Artist: Heimo Zobernig
Venue: Kunsthaus Bregenz
Date: November 12, 2015 – January 10, 2016
Full gallery of images, press release and link available after the jump.
Images courtesy of Kunsthaus Bregenz
Heimo Zobernig constructs platforms, fabricates sculptures, whitewashes temporary exhibition walls, paints canvases, shoots videos, and appears in performances. He is continually involved in questions of how simplicity can be extracted from complexity. He has been highly influential not only within his native art scene but also in international discourses on art and the wider world of exhibitions.
Zobernig began his career with small-scale paintings and black lacquered cardboard objects. His paintings were reactions to neo-expressionism and responses to the utopian, which since modernism has been associated with the austerely formal. Likewise in his sculptures, he utilizes simple methods of disclosure to make visible the historical charge within objects, which often adopt the appearance of initial models, simple prototypes, or cheap placeholders. He also modifies the rarely visible apparatus of exhibitions such as plinths, walling, platforms, and podiums. In his exhibition at Kunsthaus Bregenz Heimo Zobernig is showing a variety of empty shelving on the first floor. For Zobernig shelves exhibit a relationship to human scale, never merely functional but always also becoming, as he expresses it, a »counterpart.«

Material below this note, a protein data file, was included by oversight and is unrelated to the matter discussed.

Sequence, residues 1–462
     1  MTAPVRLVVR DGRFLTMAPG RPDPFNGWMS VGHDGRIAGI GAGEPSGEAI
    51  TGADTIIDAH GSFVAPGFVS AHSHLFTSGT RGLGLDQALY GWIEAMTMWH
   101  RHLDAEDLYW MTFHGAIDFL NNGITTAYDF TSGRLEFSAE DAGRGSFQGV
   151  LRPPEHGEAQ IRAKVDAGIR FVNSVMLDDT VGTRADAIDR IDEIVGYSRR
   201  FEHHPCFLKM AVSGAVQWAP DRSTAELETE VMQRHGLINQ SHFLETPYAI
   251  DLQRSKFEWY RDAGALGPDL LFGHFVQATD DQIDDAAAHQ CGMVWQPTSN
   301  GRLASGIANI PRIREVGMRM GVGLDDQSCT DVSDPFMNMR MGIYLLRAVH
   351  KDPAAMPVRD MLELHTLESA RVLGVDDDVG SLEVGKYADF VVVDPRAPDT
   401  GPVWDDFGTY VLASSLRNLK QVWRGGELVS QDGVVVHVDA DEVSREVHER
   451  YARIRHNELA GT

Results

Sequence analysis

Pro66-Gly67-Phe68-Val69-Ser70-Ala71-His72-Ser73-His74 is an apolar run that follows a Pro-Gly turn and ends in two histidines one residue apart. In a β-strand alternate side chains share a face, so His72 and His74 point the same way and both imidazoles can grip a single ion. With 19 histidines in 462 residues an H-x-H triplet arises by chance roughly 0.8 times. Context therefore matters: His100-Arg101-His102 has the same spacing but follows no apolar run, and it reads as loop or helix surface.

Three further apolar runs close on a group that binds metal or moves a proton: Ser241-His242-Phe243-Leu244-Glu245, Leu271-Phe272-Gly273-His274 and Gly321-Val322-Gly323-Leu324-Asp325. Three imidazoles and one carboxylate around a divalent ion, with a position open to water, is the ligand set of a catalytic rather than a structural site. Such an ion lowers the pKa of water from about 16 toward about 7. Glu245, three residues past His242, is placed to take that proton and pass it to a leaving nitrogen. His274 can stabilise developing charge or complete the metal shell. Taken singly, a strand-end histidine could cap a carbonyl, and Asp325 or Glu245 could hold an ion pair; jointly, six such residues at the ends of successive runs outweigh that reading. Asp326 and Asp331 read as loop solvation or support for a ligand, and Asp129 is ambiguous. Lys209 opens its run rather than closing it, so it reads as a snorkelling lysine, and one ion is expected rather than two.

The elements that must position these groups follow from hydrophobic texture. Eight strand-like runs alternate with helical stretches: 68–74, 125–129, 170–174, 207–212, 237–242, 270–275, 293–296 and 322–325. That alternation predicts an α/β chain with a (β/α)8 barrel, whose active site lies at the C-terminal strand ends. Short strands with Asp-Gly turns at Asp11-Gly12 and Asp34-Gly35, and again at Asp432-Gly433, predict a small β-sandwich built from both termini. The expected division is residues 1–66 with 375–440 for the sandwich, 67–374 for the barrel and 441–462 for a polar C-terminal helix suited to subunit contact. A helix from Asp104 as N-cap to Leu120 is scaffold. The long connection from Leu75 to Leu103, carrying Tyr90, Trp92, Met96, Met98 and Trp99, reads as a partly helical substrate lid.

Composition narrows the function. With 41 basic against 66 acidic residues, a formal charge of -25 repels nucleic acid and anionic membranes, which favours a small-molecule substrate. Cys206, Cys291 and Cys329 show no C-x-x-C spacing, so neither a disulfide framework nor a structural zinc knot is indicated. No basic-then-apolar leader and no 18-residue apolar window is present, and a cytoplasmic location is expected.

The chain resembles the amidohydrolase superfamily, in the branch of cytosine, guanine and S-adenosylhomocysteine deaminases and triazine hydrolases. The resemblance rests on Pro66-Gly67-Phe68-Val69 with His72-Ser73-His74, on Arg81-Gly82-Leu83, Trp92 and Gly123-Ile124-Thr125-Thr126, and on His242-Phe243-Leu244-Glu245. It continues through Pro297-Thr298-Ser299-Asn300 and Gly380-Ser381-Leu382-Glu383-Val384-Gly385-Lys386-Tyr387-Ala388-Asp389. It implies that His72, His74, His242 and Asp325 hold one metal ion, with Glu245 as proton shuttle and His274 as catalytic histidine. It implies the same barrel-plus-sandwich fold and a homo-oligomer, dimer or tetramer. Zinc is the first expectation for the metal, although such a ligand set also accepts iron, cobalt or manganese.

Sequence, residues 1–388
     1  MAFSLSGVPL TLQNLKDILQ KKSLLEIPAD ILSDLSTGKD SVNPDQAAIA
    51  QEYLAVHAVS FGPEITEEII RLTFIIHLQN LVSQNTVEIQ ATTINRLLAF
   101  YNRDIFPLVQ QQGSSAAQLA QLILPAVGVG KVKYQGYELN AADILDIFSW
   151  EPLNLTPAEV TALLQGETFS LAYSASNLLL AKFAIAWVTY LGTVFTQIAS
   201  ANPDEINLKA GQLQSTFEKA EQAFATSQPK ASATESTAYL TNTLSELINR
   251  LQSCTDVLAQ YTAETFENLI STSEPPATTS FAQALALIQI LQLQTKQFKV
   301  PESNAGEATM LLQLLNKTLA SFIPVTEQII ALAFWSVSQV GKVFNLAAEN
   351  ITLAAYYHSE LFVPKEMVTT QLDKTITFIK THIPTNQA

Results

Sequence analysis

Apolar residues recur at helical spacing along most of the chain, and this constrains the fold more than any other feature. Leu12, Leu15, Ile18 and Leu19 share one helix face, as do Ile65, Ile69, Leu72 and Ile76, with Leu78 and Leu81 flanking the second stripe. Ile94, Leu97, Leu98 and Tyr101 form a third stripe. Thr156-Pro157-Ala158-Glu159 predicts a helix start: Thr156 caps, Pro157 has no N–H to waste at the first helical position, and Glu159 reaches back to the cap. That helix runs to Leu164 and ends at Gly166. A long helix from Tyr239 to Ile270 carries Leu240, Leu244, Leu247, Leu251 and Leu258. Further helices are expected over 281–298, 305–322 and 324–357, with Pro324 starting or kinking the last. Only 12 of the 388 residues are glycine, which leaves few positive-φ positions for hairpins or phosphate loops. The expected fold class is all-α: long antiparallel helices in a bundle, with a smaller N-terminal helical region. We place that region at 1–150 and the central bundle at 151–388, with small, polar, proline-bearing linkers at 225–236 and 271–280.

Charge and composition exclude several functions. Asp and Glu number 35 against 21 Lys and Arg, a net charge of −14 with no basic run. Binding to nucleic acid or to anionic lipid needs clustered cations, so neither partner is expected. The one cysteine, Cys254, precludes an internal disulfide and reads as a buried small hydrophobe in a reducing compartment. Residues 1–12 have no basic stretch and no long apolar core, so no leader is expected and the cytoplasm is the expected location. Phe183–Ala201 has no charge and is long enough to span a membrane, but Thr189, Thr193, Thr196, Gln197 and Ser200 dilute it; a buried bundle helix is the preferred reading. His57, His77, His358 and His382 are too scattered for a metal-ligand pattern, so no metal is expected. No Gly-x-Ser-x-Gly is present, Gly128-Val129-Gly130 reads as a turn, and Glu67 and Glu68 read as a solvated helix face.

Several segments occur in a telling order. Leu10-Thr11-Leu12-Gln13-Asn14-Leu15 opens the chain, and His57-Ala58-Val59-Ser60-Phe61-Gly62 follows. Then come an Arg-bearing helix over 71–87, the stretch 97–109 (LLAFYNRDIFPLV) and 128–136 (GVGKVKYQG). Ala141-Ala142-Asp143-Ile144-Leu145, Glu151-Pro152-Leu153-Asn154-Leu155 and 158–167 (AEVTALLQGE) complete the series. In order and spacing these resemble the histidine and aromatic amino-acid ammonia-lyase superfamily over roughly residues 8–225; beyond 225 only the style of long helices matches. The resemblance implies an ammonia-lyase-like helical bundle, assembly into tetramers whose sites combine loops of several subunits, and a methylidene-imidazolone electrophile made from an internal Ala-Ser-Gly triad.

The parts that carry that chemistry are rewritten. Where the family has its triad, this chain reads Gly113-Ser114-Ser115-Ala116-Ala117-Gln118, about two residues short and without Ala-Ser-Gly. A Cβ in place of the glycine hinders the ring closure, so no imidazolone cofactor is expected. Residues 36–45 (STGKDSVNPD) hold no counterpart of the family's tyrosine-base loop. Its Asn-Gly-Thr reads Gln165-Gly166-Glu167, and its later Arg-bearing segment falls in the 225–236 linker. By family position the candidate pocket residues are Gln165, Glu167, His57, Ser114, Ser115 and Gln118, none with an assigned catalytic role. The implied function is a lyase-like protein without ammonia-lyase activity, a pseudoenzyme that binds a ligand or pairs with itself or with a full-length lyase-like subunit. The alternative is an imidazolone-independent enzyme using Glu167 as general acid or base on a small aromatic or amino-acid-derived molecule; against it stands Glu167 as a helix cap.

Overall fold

The second floor is divided by a black curtain that enters into a symbiosis with KUB’s architecture. Visitors entering are faced with the decision of whether to experience the newly created space surrounded by fabric, or peer behind the curtain.
For the Bregenz exhibition Zobernig is continuing considerations begun at the Biennale, adapting them to Peter Zumthor’s architecture. On the third floor a portion of the KUB ceiling’s glass panels is to be removed and a black ceiling, as already seen in the Hoffmann Pavilion at the Biennale, integrated instead, adopting one to one the measurements used in Venice. The sculpture originally envisaged for Venice but not actually exhibited there, is being exhibited in Bregenz for the first time. It is the cast of a human figure assembled from various modified mannequins. The human form represents a new step away from the reductive and a return to complexity – the complexity of human perception, the human figure, and historical remembrance.
In his work Zobernig addresses the question of the fundamental conditions of artistic production. He uses the CMYK color model, the technical basis for modern color printing, as his point of departure for KUB Billboards. The abbreviation CMYK stands for the color components cyan, magenta, yellow, and key, the black component for color depth, from which depending on the percentages, any color can be represented. Zobernig creates a series of billboards from zero and one hundred percent for each of the four basic components of CMYK. At zero percent each of the CMYK components result in the color white, whilst one hundred percent of each produces the colors blue, red, and yellow respectively. As the sum of C, M and K without Y the last billboard shows a saturated black.
#1: C=0 | M=0 | Y=0 | K=0
#2: C=100 | M=0 | Y=0 | K=0
#3: C=0 | M=100 | Y=0 | K=0
#4: C=0 | M=0 | Y=100 | K=0
#5: C=100 | M=100 | Y=100 | K=0
#6: C=100 | M=100 | Y=0 | K=100